Back in 1999, American Beauty was the Holy Grail of movie making for me – complete and utter perfection, a movie I would watch every day and that really influenced me as a person (I still adore it even if my appreciation went down a little bit). And of course, watching the Oscars I simply wanted it to win everything. The losses for Editing and Score really disappointed me (and that loss for Best Score still hurts to this day) but nothing created more depression for me than the moment Annette Bening lost the Oscar to Hilary Swank. Bening was my favourite of the cast then and I was wild about her portrayal while I hadn’t seen Hilary and didn’t want to – yes, I could be a very stubborn young man. But eventually I decided to give Boys Don’t Cry a chance – and while I can be stubborn I can also admit when I am wrong and basically went out of the movie and all was forgiven. Because just like American Beauty, Hilary Swank was complete and utter perfection – and unlike American Beauty, my appreciation for her did not go down (even just a little bit). It’s a miraculous performance not just because she is so convincing as a man for the viewers (I never think of her character as Teena – for me, he is always Brandon) but also for the other characters in the story – a lot of times, performers can be successful in portrayals for the camera but you are still wondering why their characters would be able to fool anyone else within the story. In the case of Hilary Swank, you don’t need to wonder because she not only nails the physical aspects of the character but also the behavior, the way of adjusting herself to her surroundings and especially to the woman he loves. Of course, you are wondering why Brandon would chose to live in this place where his life is in constant danger, why he doesn’t go somewhere else but Hilary Swank answers all these aspects flawlessly, simply showing Brandon as a person who belongs in this place, who had always lived there and for whom it is part of what he is. Furthermore, Hilary Swank has an outstanding chemistry with Chloe Sevigny and both actresses contribute to the success of their screen partners beautifully. It could be easy to dismiss this performance as mere cross dressing but Hilary Swank goes very deep in her portrayal, showing the humanity of her role and the horror that shaped his life, creating some almost unbearable moments on the screen when Brandon has to pay the price for being different in a world that doesn’t allow it. A truly unforgettable piece of work – sorry Annette!
My Grade: A+
Swank won her first Best Actress Oscar for playing Brandon Teena, a transgender man whose life ended brutally at the age of 21. Playing a real person can be tricky, especially if the performance feels like a mere imitation. This independent film is not a strict biopic though, taking a hard look at the older Brandon's last days. Swank plays Brandon with an endearing warmth and touching sensitivity, offering a powerful, naturalistic performance. Her portrayal seems effortless and genuine, and it makes the film's conclusion all the more heartbreaking. While the role is awards bait, Swank's brave performance brings humanity to Brandon, showing his desire to love and be loved. Swank is simply too good to ignore here, and she was justly nominated by the Academy.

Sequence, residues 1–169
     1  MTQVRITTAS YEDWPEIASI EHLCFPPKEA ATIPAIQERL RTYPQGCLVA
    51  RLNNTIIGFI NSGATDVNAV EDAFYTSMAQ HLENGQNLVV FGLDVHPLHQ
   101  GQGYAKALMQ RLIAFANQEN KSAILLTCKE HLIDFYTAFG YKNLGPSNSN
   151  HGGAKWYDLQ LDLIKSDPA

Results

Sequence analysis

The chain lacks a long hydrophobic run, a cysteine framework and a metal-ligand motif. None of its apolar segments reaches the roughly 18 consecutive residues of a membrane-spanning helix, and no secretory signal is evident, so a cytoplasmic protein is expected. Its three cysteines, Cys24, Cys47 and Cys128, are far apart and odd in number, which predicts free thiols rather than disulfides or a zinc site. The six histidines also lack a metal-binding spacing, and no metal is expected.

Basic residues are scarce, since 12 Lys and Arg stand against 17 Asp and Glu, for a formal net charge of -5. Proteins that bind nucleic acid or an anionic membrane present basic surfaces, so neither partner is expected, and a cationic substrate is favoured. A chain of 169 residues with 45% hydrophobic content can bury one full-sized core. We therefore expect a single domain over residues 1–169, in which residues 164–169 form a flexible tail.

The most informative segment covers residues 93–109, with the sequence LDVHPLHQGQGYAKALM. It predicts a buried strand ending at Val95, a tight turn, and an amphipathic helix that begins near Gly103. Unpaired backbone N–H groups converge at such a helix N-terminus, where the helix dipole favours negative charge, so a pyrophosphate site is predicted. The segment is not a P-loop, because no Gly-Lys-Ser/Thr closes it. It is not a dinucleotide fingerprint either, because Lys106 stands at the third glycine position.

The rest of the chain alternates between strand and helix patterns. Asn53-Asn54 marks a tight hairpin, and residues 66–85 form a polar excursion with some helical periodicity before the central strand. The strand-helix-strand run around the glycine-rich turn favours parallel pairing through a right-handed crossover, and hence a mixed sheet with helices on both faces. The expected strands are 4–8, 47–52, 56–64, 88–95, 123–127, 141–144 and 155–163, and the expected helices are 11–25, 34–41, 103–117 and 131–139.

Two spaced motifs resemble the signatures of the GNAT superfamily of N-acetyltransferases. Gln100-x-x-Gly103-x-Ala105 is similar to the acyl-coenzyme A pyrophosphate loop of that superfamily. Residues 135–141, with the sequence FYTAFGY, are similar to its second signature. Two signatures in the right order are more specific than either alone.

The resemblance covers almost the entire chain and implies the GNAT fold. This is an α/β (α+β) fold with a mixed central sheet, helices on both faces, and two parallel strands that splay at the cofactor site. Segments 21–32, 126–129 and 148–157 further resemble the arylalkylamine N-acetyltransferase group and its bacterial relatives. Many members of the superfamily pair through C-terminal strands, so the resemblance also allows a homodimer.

Did Swank deserve to win?
I've only seen two of the nominees, but Swank easily deserved this over Annette Bening, who also gave a great performance in American Beauty.
My Grade: A+
I have to be honest. I haven't seen "Boys Don't Cry" in a few years. It is a fine achievement and a devastating character study. I chose not to re-watch it for this, however. I just couldn't do it to myself. I do believe I have enough to say about whether or not Swank deserved this Oscar though. She did.
As Teena Brandon (or more honestly Brandon Teena), Hillary Swank gives one of the bravest performances I've seen. It is well known that the Academy often loves transformative roles like this one. Based on a true story and following a documentary released the year before called "The Brandon Teena Story," director Kimberly Pierce finds just the right notes to tell a truly sad story about love, sexual identity, and the topic of hate crimes.
Swank (then pretty much unknown) just nails it. She transforms herself into this tragic figure. The mannerisms, the talk, the dress. Teena Brandon had to become Brandon Teena, and Swank miraculously becomes both. I remember being struck by how powerfully real this movie seemed. Swank and Chloe Sevigny (the love interest, Lana) have a chemistry that is always real. One of the greatest strengths of Swank's performances stems from this.
Nearly fifteen years later, actors are still being rewarded for transforming themselves into supremely tragic figures far from themselves in real life (see: Matthew McConaughey). When I looked at the field from 1999, I realized I had only also seen Annette Bening's brilliant work in Sam Mendes' "American Beauty." I remembered hoping that Bening would win to secure that Big Five. But now that I think back, the Academy got this one right. Hillary Swank wins it with pure transformation and bravery.
The Scene That Won It: Total ownership of the role throughout, but, to quote myself, "you know, the one."
My Grade: A
Boys Don't Cry is not an easy movie.
It's also a not particularly good movie - not only is there way too much sentimentality and showy, baity moments but the film sensationalizes - which I found particularly distasteful as apparently the real Lana did - certain aspects of the story, mainly the romance between Brandon and Lana. Instead of being an uncompromising look at a complex individual, Peirce paints Brandon Teena as some sort of angel of innocence who fell in love with Lana, as she did with him while in reality it wasn't all that singing, love-at-first-sight, I accept you for who you are loveliness at all.